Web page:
Jun 24, 2002

lacquered looks

It's hot and so am I so, after today's entry, I will take a few days off from blogging to dedicate what non-evaporated energy I've got left towards my paintings.

Sunday, the day Padre Pio was canonized, Chiara and I went to see the Cezanne exhibition at the Complesso del Vittoriano. Of course, I’ve seen Cezanne’s paintings in and out of books many times but, only after having seen live the Sainte-Victoire mountain (that he’d painted over and over with a Satie-like repetition similar to that of Courbet and his obsessession with the cliff of Entretat) did I realize what he’d actually done.
Cezanne was from Aix-in-Provence but, like all emerging artists of the time, went to Paris where he was influenced by the Impressionists and Pissarro, the latter having stimulated him into painting en plein air.
Cezanne , A Real Homebody, eventually returned to his Aix-in-Provence to paint landscapes. For awhile he filled forms with directional brushstrokes but, at a certain point, he reduced forms to their skeletal structures. And, only if you’ve actually seen the Sainte-Victoire at midday do you realize why. Because of the haze. His course towards the disintergration of the object becomes obvious because this is what, visually speaking, haze does.
His paintings, as when influenced by Impressionism, still talked about light because haze redistributes sunlight. However, the atmosphere greatly changes the way sunlight reaches the surface of Earth. Most of the light you can see comes directly from the Sun. But some is scattered around the sky by molecules of air (Rayleigh scattering) and by the myriad of tiny particles or aerosols drifting in the air (Mie scattering). These particles or aerosols include water droplets. smoke, salt, pollen, carbon, spider webs, bacteria, sulfates, plant matter, synthetic fibers and dust (from soil and even volcanoes and meteors.)

CEZANNE.com--After fifty years of the most radical change in art from images to free abstraction, Cézanne's painting, which looks old-fashioned today in its attachment to nature--Paul Cézanne (1839-1906) is certainly as great an artist as any that ever lived--Paul Cézanne. The Bather. c. 1885 --Cezanne was born at Aix-en-Provence --Atelier Cezanne--Cezanne Painting of the Month--The artwork of Paul Cézanne can be found in the following online exhibits:--two landscapes by Cezanne--Cezanne thumbnails--Cezanne was a deeply troubled man, struggling to free himself of his personal demons through his art.--'Painting stands for no other end than itself. The artist paints an apple or a head: it is simply a pretext for line and colour, nothing more' --By 1872 Cezanne came strongly under the influence of the Impressionists, especially Pissarro--PAUL CEZANNE image list--PAUL CEZANNE RELATED ---Screen saver by Cezanne-- Cézanne's goal was, in his own mind, never fully attained. He left most of his works unfinished and destroyed many others. --While closely associated with Pissarro, Cezanne began to paint landscapes in an Impressionist technique. --ARTIST HARRY HILSON Presents PAUL CEZANNE-- Hunt for stolen Cezanne --I was thirteen the first time I fell in love with Cezanne. --The Black Clock Paul Cezanne 1869-71--By age and by association, Cezanne was one of the impressionists. --"All things, particularly in art, are theory developed and applied in contact with nature. Painting is not only to copy the object, it is to seize a harmony between numerous relations." Paul Cézanne. Lucian Freud’s After Cézanne is a paraphrase or variation on the theme of Paul Cézanne’s Afternoon in Naples. --face based on Cezanne’s handwriting--Cezanne is one of the most liberal artists I have ever met... He prefaces each remark with: "Pour moi, it is so and so--Cezanne Aix-inProvence--Click on prints or print title to enlarge & for pricing and order info.--Cézanne perhaps has had the most profound effect on the art of the 20th century. --how Cezanne past his summer-- Hemingway's debt to Cezanne --Cezanne was the most revolutionary French painter of his age--Paul Cezanne once said, "I want to astonish Paris." --Cezanne,Lowry and Landscapes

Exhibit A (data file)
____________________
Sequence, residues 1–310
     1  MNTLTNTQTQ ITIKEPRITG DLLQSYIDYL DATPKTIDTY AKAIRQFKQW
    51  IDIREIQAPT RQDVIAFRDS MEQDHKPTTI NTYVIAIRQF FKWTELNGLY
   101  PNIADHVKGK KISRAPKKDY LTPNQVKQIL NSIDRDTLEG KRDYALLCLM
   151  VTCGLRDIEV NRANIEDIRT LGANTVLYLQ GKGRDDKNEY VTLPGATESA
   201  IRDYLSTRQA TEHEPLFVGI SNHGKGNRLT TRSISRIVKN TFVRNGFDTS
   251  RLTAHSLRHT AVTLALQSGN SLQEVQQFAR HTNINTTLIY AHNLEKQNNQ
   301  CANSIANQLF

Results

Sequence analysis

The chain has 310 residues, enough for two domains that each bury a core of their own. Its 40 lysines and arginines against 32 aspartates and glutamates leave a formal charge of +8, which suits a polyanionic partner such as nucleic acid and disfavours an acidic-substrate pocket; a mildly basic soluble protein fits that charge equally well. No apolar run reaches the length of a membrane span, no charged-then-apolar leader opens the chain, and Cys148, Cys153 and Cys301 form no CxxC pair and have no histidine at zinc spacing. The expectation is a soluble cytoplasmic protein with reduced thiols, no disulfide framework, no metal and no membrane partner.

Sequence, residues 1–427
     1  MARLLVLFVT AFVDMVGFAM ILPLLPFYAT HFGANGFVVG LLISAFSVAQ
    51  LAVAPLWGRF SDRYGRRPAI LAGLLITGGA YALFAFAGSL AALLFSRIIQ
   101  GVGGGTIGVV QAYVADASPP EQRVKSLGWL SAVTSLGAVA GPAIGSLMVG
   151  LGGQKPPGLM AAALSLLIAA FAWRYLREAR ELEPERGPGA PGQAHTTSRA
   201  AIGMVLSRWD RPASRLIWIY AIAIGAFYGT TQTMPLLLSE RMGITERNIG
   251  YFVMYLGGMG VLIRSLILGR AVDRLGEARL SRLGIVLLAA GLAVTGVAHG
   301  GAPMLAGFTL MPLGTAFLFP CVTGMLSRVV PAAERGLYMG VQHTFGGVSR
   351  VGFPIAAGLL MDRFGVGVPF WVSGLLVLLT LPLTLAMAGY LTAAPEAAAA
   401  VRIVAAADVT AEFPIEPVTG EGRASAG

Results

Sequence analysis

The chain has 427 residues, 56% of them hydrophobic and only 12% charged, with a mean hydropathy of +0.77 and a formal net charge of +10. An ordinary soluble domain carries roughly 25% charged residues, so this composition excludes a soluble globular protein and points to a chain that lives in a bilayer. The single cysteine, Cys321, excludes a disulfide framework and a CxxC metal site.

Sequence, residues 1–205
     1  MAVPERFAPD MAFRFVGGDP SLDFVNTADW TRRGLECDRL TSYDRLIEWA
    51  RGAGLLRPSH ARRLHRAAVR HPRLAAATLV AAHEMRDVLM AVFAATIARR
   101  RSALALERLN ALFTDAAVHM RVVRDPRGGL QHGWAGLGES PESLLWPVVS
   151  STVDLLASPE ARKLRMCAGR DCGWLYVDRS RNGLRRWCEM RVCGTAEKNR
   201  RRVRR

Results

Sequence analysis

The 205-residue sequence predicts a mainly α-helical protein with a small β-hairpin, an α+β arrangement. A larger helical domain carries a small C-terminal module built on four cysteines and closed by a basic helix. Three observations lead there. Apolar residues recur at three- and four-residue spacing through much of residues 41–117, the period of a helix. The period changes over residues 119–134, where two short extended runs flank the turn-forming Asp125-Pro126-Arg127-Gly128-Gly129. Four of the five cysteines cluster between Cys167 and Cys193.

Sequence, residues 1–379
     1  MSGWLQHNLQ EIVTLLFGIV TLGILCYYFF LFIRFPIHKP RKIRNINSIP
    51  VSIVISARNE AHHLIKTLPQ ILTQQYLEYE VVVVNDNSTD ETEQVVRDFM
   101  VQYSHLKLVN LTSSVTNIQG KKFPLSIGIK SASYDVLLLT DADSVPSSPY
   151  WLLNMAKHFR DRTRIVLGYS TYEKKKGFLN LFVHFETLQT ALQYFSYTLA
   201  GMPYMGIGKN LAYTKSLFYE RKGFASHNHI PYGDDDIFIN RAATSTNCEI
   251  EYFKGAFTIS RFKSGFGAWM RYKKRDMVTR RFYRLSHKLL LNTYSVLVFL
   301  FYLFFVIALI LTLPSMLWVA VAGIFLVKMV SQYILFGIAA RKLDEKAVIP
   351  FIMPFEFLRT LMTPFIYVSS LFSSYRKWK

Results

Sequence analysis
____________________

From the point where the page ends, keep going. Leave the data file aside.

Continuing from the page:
Post a Comment

<< Home